There’s a very deliberate tone to Crash, a feeling of suspension and attenuation.

Sort of languorous, yeah. One of the things you are seeking as well as the look to the film and the tone, is a pace and a rhythm. It’s a very complex interplay of how you perceive space and perspective and how you feel movement inte1Telates with emotion. You feel for the rhythm with your actors and with the way the camera movement works with the dialogue, there are all those rhythms that you’re playing with. Once again, all intuitive, not just yours but your actors’ as well. The way they speak, which someone described as narcotized, felt right—that it should be very low-key and very deliberate speaking and not quick, not witty.

Do you think there’s been an evolution in the look of your films from the photography of Mark Irwin to that of Peter Suschitzky?

I think Peter is shooting a more complex, textured look and it’s a more interpretive look maybe, a more dealt-with look. It’s meant to have more meaning and more depth and more texture, rather than just being what’s there, lit the way the thing would be lit. And I don’t mean to demean Mark’s work, because he obviously did more than that, but Peter goes quite far beyond. It’s a more European approach to lighting. And I’ve pushed Peter to be not realistic in the lighting. I’m not interested in so-called realistic light because nothing in the film is realistic really. It’s supposed to deliver you some feeling of reality but, especially when the subject of the film is the nature of reality, it would be silly to do a documentary version visually. I would say its many layers of texture pleases me because it represents to me what I’m trying to do with the film thematically and on every other level.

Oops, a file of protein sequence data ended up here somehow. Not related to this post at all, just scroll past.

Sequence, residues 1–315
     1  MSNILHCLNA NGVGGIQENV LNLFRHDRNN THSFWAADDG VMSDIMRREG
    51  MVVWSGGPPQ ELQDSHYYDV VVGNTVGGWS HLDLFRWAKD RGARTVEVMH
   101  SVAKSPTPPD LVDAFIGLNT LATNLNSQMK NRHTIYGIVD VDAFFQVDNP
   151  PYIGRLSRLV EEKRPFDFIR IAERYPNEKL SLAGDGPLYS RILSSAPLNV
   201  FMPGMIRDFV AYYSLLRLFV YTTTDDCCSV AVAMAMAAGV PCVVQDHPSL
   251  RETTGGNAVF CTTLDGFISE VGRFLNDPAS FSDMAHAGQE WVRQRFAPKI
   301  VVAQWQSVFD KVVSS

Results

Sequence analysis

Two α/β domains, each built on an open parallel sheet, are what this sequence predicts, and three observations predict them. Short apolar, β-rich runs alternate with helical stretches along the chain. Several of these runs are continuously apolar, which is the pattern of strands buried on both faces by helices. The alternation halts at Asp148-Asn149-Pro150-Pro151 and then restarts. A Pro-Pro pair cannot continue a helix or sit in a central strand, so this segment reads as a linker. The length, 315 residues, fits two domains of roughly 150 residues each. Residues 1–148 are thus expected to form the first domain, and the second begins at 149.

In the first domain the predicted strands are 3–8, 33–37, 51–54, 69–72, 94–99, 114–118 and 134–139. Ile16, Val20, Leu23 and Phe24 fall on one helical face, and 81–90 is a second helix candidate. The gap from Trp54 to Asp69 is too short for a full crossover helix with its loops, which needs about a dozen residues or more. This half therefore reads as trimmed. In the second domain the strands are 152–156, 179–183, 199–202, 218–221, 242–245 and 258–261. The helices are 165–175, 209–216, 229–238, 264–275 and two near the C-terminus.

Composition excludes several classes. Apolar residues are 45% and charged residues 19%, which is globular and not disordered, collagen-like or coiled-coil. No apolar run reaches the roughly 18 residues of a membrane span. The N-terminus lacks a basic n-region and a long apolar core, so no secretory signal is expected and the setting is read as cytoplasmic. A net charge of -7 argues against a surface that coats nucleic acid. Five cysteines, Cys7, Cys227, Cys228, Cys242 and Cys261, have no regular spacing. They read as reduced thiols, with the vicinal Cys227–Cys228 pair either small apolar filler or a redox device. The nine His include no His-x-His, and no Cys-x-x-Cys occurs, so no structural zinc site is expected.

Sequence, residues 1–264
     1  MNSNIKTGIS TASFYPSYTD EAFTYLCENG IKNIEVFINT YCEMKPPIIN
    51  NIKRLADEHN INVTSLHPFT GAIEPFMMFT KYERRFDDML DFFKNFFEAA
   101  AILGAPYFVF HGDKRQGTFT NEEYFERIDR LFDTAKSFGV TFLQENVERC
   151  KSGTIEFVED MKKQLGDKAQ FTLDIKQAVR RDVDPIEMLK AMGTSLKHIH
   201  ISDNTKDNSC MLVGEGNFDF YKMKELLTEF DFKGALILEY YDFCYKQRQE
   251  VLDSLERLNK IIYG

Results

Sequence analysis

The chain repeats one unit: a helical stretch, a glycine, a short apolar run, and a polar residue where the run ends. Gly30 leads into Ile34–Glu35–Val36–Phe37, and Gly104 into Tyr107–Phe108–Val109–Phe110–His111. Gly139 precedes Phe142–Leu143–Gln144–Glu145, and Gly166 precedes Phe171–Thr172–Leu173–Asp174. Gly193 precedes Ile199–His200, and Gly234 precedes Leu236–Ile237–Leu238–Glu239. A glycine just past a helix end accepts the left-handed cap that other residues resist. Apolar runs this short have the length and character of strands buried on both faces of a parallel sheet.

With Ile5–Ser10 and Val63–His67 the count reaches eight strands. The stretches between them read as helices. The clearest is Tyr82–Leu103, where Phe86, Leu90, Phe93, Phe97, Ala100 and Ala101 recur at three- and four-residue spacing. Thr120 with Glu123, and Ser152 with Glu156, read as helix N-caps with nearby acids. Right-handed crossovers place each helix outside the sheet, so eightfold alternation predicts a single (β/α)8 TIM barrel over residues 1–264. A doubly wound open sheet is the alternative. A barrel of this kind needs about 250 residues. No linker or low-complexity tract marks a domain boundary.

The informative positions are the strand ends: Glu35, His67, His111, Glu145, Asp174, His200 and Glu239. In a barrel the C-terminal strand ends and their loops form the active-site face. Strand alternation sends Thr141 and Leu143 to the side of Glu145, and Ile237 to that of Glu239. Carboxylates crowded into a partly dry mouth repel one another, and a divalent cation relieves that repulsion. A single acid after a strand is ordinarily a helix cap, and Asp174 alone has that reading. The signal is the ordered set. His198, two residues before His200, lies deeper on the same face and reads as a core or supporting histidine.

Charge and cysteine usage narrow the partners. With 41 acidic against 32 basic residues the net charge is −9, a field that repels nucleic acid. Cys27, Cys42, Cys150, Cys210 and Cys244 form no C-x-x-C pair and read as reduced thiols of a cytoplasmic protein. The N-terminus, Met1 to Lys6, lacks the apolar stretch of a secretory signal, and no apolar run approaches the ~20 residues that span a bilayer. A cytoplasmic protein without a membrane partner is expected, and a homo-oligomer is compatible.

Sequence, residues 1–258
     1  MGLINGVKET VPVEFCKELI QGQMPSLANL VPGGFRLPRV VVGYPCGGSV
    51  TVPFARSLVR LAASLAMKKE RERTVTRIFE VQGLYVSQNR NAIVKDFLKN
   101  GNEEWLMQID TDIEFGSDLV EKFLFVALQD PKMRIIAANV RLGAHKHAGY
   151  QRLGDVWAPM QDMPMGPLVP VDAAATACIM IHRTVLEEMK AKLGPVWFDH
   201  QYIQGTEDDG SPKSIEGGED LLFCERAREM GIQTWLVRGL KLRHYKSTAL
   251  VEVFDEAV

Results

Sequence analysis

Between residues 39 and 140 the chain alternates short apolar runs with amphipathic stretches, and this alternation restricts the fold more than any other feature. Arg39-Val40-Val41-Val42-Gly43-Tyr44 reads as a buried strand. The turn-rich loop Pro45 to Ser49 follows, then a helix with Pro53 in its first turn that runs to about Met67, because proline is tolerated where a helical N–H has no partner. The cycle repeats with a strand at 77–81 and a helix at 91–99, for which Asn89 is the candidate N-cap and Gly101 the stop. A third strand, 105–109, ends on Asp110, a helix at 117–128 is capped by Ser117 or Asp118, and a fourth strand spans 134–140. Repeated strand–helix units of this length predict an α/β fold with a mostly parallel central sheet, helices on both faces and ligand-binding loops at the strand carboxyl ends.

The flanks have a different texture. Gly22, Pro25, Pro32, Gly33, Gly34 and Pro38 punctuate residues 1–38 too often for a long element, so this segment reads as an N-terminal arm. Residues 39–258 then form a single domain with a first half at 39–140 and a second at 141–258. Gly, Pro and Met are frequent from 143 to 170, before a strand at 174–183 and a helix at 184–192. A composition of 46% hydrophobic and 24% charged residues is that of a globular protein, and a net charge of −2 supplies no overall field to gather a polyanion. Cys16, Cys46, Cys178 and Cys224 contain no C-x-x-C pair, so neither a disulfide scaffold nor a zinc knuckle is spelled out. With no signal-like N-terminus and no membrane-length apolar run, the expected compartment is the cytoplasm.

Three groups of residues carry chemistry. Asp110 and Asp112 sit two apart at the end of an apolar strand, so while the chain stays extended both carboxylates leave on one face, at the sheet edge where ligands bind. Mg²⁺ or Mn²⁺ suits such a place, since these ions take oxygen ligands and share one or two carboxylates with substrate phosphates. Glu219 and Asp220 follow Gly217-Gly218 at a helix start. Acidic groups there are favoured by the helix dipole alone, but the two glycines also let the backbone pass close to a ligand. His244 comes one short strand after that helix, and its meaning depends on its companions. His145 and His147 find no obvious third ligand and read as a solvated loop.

Though your work has moved away from genre, there are still traces of it in all of them, even M. Butterfly. ls that just because we associate you with genre?

I’ve written a script called eXistenZ that could be my next film, and techni­cally you would definitely call it a sci-fi movie. That movement in and out of the genre is not critical to me, artistically. I have great affection for the complexity and the depth that can be achieved within the genre, any genre, but for me it’s obvi­ously the horror or sci-fi genre. I don’t feel that I need to redeem myself or anything like that. Of course it’s annoying when someone dismisses you as a horror film director, but it’s only because they’re using it dismissively.